Muslim Athletes Ride for Rights in Iowa’s Famous Bike Event

A group of international women are cycling across the state to promote equality through sports.

Hajar Abulfazl prepares for RAGBRAI. (Photo: Facebook)

Jul 19, 2015· 2 MIN READ
Samantha Cowan is an associate editor for culture.

For many Americans, learning how to ride a bike is a rite of passage, a skill learned in childhood that can be picked up at a moment’s notice. The ability to cycle at will might not be written into the United States’ list of freedoms, but it’s a right many men and women take for granted.

To promote women’s participation in sports as a fundamental right, a group of women invited nine international female Muslim athletes to participate in Iowa’s annual statewide bike ride.

RAGBRAI, or the Register’s Annual Great Bicycle Ride Across Iowa, turns the Midwestern state into something of a “Mardi-Gras on wheels” with a seven-day trek from the western to eastern border. The 43rd annual ride kicked off on Sunday, with cyclists from all over the country heading to the noncompetitive event.

This year, Team Shirzanan—a Persian word that translates to “female heroes”—is getting in on the action. A group of 12 Iowa natives decided to celebrate their 50th birthdays by participating in the ride, local outlet The Gazette reports. One of them, Mara Gubuan, is the president of Shirzanan Global, a nonprofit organization that promotes Muslim women’s participation in sports. Her role inspired the Iowa women to sponsor the nine athletes and an accompanying mission: the right to ride.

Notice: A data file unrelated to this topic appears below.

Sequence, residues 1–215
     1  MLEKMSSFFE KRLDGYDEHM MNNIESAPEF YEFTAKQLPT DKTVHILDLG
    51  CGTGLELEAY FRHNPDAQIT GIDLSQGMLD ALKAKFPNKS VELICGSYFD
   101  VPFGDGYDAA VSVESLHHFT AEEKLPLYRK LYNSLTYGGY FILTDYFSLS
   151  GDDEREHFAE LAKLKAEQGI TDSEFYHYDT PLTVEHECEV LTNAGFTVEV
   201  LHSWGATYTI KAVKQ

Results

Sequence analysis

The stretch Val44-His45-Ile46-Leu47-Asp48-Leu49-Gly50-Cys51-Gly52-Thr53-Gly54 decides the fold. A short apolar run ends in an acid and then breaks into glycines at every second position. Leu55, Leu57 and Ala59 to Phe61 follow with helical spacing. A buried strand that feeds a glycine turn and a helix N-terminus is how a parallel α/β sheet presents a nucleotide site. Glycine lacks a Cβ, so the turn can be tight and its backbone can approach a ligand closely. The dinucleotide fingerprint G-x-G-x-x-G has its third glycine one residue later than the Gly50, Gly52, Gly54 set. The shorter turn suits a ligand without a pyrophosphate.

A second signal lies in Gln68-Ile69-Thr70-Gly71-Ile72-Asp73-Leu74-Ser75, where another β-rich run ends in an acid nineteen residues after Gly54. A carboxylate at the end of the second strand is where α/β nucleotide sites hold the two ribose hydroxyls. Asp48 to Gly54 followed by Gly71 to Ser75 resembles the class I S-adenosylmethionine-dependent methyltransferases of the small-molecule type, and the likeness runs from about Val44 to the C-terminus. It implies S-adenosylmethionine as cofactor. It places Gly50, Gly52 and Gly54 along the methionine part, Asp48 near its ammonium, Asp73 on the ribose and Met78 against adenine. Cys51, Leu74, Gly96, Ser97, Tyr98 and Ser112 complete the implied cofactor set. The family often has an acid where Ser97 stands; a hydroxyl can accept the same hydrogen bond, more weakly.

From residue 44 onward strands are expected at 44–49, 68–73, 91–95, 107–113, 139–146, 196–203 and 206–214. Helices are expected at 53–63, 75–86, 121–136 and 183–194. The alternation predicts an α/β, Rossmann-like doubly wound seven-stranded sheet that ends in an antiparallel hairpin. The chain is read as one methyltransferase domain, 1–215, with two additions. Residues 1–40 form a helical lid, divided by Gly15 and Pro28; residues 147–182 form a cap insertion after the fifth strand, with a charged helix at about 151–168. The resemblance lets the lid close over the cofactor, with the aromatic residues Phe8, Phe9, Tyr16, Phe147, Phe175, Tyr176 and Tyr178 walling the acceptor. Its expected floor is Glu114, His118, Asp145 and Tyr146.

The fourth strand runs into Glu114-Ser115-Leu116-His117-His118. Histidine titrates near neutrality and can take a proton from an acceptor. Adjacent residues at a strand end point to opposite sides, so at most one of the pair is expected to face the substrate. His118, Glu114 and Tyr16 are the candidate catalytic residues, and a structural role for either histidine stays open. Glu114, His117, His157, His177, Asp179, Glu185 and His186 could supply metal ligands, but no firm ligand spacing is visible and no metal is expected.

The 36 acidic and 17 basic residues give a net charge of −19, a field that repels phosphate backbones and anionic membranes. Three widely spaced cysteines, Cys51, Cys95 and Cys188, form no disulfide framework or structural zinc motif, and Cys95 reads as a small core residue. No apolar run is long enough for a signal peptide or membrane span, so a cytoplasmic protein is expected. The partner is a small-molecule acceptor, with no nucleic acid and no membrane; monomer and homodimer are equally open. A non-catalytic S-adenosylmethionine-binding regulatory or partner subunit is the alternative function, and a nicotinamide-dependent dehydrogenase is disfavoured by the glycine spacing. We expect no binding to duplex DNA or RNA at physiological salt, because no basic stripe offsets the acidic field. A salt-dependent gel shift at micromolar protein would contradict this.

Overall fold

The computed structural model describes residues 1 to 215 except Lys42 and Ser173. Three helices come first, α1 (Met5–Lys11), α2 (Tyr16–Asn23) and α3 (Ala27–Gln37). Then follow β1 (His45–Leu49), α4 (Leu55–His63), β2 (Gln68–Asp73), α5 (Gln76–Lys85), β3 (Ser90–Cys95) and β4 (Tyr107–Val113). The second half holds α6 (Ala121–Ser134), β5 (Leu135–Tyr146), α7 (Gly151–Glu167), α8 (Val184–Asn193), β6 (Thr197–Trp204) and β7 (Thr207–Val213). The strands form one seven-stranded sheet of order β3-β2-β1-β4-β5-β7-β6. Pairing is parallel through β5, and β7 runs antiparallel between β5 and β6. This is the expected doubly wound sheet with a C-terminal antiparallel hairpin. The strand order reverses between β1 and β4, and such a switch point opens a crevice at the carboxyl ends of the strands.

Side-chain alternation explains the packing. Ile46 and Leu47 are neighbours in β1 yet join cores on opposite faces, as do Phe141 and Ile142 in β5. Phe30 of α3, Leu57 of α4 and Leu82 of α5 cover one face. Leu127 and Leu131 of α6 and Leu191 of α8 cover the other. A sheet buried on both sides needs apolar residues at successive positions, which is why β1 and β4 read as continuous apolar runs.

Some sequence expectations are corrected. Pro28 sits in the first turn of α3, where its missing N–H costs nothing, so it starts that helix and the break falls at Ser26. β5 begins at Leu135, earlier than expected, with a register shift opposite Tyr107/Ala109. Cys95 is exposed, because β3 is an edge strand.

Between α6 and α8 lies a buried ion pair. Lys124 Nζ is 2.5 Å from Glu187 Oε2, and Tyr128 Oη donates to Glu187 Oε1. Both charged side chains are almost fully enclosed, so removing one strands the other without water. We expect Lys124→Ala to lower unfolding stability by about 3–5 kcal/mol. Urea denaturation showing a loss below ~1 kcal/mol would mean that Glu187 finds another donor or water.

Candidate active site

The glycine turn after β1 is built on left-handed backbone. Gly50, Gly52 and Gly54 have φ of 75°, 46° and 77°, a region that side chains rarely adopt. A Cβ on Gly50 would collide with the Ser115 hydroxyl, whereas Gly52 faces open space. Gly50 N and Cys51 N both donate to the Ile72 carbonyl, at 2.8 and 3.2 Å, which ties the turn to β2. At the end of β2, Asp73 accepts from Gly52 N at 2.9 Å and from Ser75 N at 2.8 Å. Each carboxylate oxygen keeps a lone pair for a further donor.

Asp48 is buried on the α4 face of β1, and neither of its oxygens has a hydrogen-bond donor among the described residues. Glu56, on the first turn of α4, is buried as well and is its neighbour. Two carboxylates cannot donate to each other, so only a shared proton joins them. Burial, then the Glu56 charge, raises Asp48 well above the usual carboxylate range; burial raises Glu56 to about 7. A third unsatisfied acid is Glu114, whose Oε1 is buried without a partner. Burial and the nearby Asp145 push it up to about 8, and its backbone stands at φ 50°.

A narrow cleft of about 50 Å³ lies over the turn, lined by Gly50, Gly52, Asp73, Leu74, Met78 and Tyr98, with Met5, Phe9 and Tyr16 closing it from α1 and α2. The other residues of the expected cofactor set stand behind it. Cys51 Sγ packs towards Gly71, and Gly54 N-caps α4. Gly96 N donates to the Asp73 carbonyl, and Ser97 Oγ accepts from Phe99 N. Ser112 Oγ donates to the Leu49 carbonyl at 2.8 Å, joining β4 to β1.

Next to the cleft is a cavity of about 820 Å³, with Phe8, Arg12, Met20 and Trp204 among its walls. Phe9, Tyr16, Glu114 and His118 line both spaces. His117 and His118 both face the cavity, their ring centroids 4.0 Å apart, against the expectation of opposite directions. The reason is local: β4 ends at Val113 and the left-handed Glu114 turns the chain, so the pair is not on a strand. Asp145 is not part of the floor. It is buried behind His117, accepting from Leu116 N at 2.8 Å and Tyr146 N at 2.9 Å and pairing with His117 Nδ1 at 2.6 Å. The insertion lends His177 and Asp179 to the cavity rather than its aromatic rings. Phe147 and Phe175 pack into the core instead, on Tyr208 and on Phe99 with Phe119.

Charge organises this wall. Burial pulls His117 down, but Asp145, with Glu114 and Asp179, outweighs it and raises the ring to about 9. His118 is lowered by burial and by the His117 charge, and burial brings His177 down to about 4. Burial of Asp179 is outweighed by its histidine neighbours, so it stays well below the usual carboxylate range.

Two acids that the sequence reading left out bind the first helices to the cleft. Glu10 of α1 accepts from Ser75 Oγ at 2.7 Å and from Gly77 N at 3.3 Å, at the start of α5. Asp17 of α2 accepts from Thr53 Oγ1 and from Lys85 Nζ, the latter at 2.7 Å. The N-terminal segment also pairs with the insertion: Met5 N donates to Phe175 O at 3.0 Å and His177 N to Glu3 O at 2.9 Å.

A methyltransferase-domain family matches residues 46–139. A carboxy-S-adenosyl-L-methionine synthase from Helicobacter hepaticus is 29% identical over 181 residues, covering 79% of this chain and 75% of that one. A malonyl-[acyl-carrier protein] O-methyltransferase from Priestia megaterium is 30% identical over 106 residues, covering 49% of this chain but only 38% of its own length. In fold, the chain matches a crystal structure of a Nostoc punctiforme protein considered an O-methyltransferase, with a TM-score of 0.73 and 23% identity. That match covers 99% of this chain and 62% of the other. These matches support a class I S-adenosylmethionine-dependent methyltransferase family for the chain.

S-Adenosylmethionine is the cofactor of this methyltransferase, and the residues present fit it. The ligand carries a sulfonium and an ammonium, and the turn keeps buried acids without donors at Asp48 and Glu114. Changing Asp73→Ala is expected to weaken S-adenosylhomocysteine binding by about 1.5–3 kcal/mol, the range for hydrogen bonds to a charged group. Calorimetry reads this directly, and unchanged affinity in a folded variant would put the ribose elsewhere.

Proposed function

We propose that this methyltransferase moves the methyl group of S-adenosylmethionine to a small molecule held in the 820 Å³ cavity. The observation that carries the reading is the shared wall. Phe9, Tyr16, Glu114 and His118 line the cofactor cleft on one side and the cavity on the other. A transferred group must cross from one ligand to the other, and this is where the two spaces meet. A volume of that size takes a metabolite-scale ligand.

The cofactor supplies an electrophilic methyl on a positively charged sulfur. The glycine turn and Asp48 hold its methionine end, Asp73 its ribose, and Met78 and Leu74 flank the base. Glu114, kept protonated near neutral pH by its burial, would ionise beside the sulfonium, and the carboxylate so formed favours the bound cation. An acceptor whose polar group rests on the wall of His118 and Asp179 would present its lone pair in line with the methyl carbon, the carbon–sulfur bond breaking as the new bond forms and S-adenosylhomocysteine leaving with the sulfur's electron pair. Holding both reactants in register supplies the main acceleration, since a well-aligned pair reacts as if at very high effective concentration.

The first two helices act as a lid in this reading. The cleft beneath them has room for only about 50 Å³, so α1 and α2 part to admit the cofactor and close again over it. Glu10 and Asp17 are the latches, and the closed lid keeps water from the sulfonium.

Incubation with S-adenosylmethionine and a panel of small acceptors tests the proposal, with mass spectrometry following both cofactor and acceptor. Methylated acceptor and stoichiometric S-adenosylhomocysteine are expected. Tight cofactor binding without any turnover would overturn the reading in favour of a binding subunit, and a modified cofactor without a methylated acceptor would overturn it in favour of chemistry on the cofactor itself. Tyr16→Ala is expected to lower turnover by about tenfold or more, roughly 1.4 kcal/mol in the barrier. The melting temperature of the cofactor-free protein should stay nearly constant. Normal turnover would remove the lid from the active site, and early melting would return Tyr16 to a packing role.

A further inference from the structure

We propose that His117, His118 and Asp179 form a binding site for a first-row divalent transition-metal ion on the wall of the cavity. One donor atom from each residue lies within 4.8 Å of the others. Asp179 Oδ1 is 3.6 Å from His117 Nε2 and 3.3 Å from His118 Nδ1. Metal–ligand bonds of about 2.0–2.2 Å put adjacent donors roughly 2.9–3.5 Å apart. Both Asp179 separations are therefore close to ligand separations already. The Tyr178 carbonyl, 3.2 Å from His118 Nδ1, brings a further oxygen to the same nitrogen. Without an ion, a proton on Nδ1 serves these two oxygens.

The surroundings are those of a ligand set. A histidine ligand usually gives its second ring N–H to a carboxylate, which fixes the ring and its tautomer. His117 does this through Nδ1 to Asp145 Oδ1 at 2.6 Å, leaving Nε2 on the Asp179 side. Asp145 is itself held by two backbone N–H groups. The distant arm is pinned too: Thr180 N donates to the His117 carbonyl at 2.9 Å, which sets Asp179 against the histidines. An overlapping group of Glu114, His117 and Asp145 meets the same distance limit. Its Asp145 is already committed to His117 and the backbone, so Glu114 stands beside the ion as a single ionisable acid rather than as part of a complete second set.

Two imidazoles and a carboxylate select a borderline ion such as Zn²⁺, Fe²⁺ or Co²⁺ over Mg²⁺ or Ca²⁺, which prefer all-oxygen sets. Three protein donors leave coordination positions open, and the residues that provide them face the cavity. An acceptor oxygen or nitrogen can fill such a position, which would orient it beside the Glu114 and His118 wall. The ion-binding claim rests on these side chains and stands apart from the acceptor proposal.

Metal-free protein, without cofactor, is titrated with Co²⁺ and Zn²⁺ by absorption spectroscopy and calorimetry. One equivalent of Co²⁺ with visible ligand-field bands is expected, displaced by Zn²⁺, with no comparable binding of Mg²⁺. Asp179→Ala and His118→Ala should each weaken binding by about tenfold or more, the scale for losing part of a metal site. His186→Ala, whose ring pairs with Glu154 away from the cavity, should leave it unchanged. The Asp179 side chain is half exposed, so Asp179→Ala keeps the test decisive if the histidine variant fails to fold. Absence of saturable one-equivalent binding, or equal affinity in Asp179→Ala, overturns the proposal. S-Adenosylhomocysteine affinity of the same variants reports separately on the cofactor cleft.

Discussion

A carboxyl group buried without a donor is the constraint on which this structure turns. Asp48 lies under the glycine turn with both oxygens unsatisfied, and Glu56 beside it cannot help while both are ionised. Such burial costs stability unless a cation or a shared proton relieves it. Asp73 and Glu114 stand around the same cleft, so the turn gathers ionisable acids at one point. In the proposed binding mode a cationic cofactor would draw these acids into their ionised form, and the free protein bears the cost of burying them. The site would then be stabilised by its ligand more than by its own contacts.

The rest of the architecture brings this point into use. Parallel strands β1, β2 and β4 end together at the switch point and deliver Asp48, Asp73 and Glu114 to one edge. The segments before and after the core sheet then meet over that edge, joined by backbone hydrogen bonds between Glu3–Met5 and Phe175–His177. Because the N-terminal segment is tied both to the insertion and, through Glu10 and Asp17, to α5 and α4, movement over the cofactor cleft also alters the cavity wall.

(Photo: Facebook)

“Our mission was to really promote female participation in sports as a female right, and our hope was to kind of bring that to the attention and help inspire other women to pursue athletics,” team member Nanci Freed told The Gazette.

So, Why Should You Care? Muslim girls and women face many barriers to sports participation, from an inability to participate in mixed gender events to perceived immodesty for performing in public. For women living in religious Middle Eastern countries, straddling a bicycle and riding around town garners both verbal and physical harassment. The bicycle is particularly fraught because it is also a means of transportation, allowing female riders the freedom to travel to schools and medical facilities.

The Muslim members of Team Shirzanan have already broken down gender barriers and are accomplished athletes in their home countries. “We wanted to identify and partner with women who had already broken the stereotypes,” explained Freed. “They come to represent that it is possible.”

That doesn’t mean the ride will be easy. An Afghani soccer player, a Pakistani swimmer, and an Iranian snowboarder are trading in their cleats and boards for helmets and sneakers, with little experience on two wheels.

Raha Moharrak, the first Saudi woman to scale Mount Everest, is particularly nervous. She’s only been bicycling for a few months and told The Des Moines Register that she “freaks out” when cars come near her and still struggles to make clean turns.

Luckily for Moharrak and her teammates, cycling is just one component of RAGBRAI. It’s known for being a friendly, supportive event, so the women look forward to some Midwestern hospitality after they’ve completed their 50-plus miles each day.

Members of Team Shirzanan. (Photo: Facebook)
Gearing up for the ride. (Photo: Facebook)